By far the greatest thing is the use of metaphor. That alone cannot be learnt; it is the token of genius [εὐφυΐας]. For the right use of metaphor means an eye for resemblances.--Aristotle, Poetics 1459a (translated by W.H. Fyfe.)
Warum ich so weise bin.
Warum ich so klug bin.
Warum ich so gute Bücher schreibe.--F. Nietzsche, Ecce Homo
There is a reason why Aristotle calls metaphor the greatest gift of genius, the one that cannot be taught. He doesn’t say “being able to eliminate fuzziness and speak in clear propositional terms is the greatest gift of genius,” because it isn’t. Fuzziness and lack of precision are relatively minor intellectual problems in comparison with premature or hasty literalization of the world. (Editorial comment: analytic philosophy, for all its achievements, still doesn’t grasp this point, and that’s why it does not produce many impressive writers even though it produces industrial-scale numbers of clear ones. Jerry Fodor once called himself and his friends better writers than Nietzsche and Kierkegaard, which just proves how much the point is being missed.)--Graham Harman.
I understand the temptation felt by Harman (and W.H. Fyfe) to translate Aristotle's εὐφυΐας as 'genius;' context makes clear that Aristotle is trying to convey the idea that being good at coining metaphors is a skill that cannot be taught, but somehow a natural talent, that is, it exhibits having fine natural dispositions. One reason to resist the (Romantic sounding) use of 'genius' here is that only a few pages before (1455a), Aristotle had written [διὸ εὐφυοῦς ἡ ποιητική ἐστιν ἢ μανικοῦ:] that is why poetry needs either a naturally well disposed nature or being a manic, and here the inspired ‘manic’ [μανικοῦ] evokes our genius. For somebody with a good disposition may still need a lot of endurance or practice to get good at the skill.
One might think that Harman is just wrong to channel Aristotle on metaphor and apply it to philosophers because, in this context of the Poetics, Aristotle is discussing tragedy, not philosophy. But, as it happens Aristotle is generalizing about a skill. In fact, the ability to see sameness within difference is, indeed, also a philosophical one.* So, one way to read Aristotle is to suggest that to be a very good philosopher means to have an important skill in common with a very good poet.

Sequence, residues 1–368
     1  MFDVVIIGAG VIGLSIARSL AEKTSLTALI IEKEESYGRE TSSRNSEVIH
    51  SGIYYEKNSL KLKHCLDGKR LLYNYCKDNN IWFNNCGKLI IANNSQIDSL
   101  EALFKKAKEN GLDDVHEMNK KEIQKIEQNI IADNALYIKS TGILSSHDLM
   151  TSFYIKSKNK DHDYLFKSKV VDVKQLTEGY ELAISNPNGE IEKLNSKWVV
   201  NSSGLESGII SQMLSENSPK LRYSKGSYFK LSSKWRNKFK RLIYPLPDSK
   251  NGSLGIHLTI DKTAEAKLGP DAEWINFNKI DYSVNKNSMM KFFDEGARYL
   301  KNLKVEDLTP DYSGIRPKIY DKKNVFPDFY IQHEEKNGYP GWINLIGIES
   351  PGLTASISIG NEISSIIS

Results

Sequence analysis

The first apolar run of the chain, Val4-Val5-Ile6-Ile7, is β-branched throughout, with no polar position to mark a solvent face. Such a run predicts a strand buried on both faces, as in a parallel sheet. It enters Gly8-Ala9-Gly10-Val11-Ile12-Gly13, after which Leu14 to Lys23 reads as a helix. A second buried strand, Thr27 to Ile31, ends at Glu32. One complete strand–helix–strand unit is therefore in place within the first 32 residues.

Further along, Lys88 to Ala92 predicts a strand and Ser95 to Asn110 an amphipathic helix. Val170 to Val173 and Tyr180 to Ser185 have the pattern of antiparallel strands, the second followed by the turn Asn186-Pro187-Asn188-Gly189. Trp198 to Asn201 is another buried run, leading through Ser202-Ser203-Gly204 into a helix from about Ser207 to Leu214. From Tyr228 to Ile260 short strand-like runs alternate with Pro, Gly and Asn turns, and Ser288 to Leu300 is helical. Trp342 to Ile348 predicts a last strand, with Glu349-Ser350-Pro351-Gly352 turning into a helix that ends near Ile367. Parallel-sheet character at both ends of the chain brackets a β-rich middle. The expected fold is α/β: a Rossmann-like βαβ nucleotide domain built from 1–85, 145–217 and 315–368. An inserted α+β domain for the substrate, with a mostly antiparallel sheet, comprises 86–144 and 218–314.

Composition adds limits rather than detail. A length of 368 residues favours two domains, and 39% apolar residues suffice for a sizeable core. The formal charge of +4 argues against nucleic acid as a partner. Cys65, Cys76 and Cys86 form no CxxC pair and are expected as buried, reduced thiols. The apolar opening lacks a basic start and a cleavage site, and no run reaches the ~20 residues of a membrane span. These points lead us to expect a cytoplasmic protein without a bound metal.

As an aside, in context of his post, Harman is engaging with B.P. Morton (a blogger at the new group blog, Philpercs), and it's not quite clear to me what prompts Harman's aside about analytical philosophers and the bon mot put-down Fodor (who, like many not quite great analytical philosophers is a great, entertaining polemicist, but whose stock has been plummeting since his ill-advised, anti-Darwin book not to mention ordinary developments in cognitive psychology).
Perhaps it's because of my analytical training that my first quiet thought in response to Harman’s ‘’ analytic philosophy…does not produce many impressive writers even though it produces industrial-scale numbers of clear ones,” was it's better to produce industrial-scale numbers of clear writers than to produce considerable number of bad poets.+ But I caught myself, because I know that in our time, re-activating the polemic between analytic and continental philosophy prevents genuine thought. By now we ought to judge these philosophical traditions not by the many, but either by the best or by the potentially enduring contributions they produced (about which some other time more).
Yet, analytical philosophy does not weed out truly great writers: Russell (who won the 1950 Nobel in Literature), Quine, Iris Murdoch, Dennett (go re-read Elbow Room), and Jody Azzouni are all excellent examples.** Even Fodor has quite a few memorable lines when he is not being a polemicist. (I leave aside her the good polemical writing at which we analytical philosophers excel.) This is not to deny that the joy one can find in reading them is different in character from the joy, if it is joy, one experiences in reading Nietzsche or Kierkegaard.
Even if one agrees, as I am inclined to do, that "Fuzziness and lack of precision are relatively minor intellectual problems in comparison with premature or hasty literalization of the world," it does not follow (even if I, upon considerable reflection, agree that the 'literalization of the world' should not be undertaken in haste—it took me a while to understand this phrase) that we should praise or promote fuzziness and lack of precision for their own sakes (although I note that one can deploy fuzziness in precise and skillful ways).
Anyway, I close with this observation (which echoes Benardete on Quinean poetics): while clarity is a core virtue in the self-understanding of analytical philosophers (recall this), the dirty secret of our poetic genius is that we have an enduring love for well-chosen metaphors: for example, content (as in mental content); grounding (as in metaphysical grounding); stance (as in the intentional stance), and, more controversially, analysis (as in analysis is the method of analytic philosophy), etc. That is, like all great philosophical movements, analytic philosophy, too, combines clarity and poetry.